Check out peer support resources like Togetherall, to chat with people who are also struggling. Connecting with others and sharing your story can be incredibly healing experiences — plus, you can learn what's helped people with similar experiences!
Educate yourself on the disorder. Read books, watch videos and research about SAD (as long as they are accurate sources of information)! By having a better understanding of something, it can make it easier to talk about what is going on and to make changes in your life.
Some people with SAD have found it helpful to use a dawn simulator. It's like an alarm clock, but without the obnoxious noise! It produces light that gradually increases in intensity, just like the sun, and makes for a more gentle experience of waking up for the day.
Talk it out, whether one-on-one with a counsellor, in other safe spaces like online communities, or with people you know in person! Having an outlet to share what you've been thinking and feeling can help you process things and can be a great relief.
Take some time to think about the winter activities that brought you joy as a kid. What if you scheduled some of them into your next few weeks? Partaking in things that brought us positivity as a kid can be great for our inner child and overall spirit!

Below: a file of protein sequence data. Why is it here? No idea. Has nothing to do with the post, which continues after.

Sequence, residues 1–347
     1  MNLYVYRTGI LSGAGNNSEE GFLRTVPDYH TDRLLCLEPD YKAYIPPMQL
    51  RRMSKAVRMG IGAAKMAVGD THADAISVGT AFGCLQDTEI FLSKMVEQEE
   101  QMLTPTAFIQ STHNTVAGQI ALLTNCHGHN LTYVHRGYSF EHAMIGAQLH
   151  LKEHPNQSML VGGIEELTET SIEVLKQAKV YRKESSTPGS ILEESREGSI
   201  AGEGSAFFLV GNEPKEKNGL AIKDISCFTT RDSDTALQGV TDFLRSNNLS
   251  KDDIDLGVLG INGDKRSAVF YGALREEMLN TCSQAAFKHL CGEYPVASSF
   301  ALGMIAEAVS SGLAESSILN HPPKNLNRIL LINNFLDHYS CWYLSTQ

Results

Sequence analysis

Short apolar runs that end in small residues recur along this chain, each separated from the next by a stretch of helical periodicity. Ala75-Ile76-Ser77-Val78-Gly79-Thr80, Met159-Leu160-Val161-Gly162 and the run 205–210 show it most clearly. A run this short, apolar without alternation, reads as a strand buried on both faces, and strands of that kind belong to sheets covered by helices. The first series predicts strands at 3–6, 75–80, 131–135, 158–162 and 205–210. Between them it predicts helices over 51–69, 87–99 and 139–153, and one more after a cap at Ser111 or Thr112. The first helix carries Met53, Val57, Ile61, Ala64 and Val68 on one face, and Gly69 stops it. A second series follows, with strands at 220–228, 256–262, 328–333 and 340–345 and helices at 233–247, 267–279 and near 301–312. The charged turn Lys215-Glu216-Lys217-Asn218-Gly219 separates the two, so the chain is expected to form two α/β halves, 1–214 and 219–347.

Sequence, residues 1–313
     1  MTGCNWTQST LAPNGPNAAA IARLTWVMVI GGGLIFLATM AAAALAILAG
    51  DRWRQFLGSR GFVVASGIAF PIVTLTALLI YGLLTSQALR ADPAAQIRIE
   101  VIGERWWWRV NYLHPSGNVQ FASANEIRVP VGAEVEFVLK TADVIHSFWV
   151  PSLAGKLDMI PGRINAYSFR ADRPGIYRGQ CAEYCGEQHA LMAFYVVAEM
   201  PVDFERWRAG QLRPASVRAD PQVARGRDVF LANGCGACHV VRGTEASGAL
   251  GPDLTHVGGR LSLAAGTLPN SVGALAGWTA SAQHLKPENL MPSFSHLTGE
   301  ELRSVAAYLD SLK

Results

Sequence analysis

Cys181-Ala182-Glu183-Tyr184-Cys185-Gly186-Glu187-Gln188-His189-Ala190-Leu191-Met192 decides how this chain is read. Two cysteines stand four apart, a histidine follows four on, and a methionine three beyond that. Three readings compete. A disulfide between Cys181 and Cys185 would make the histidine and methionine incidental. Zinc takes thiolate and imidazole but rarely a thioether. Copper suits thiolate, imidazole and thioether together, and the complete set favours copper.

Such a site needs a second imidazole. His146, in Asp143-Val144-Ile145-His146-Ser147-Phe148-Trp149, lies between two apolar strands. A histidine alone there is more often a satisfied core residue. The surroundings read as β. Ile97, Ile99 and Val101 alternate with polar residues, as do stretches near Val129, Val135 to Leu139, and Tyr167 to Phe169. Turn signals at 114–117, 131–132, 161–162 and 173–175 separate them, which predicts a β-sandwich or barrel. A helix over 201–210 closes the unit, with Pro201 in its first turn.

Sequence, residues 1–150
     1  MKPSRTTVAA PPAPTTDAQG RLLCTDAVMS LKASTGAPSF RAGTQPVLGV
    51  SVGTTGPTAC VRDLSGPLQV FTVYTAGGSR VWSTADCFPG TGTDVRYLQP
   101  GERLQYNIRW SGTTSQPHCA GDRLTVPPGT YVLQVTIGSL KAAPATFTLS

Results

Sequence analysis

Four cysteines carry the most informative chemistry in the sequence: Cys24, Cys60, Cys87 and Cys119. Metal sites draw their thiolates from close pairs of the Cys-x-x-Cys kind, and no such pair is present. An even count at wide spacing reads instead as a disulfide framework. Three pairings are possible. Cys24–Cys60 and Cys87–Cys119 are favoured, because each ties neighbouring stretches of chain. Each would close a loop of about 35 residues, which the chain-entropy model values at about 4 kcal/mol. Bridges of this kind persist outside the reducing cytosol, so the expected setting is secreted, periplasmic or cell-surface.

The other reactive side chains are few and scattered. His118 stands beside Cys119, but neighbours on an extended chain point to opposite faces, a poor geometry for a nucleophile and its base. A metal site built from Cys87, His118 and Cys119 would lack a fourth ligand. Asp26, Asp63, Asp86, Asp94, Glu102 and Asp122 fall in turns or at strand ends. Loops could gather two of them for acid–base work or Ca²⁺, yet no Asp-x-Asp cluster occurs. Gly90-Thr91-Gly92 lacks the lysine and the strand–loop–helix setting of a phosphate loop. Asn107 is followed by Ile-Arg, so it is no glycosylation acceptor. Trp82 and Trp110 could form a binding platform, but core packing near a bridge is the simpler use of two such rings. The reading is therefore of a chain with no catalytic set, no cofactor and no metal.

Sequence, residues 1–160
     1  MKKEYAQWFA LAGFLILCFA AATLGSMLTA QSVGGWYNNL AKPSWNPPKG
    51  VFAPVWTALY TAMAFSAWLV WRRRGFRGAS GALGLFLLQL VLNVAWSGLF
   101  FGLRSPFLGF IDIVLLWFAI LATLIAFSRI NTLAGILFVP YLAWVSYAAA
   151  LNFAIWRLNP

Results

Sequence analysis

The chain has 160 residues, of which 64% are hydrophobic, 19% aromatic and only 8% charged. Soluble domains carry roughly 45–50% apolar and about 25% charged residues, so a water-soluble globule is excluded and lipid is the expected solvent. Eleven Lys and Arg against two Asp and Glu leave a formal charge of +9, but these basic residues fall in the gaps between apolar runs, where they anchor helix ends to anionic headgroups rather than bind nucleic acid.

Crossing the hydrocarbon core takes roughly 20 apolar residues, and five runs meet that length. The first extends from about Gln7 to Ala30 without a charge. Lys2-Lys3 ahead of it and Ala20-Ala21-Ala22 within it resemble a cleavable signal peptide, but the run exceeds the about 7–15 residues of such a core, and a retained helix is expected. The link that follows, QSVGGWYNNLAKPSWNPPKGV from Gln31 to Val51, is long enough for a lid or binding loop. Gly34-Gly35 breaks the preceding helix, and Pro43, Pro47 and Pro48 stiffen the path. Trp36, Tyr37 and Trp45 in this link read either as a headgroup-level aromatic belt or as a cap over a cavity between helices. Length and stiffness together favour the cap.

SAD may bring about feelings of hopelessness. Make sure you develop a plan to help you through times when that feeling is overwhelming. Download the Be Safe app for help creating a safety plan and see if you can work on it with a supportive person.
It's important to remind yourself that brighter days are to come. Before you know it, spring will be here. In the meantime, there will be opportunities for light and joy in these months ahead — hold on to those.
These tips were originally posted on our Twitter account under the hashtag #mymTips with a different topic each month. Follow us on Twitter to see a new tip each day, or visit the wellness section on our website next month to see the set posted in full.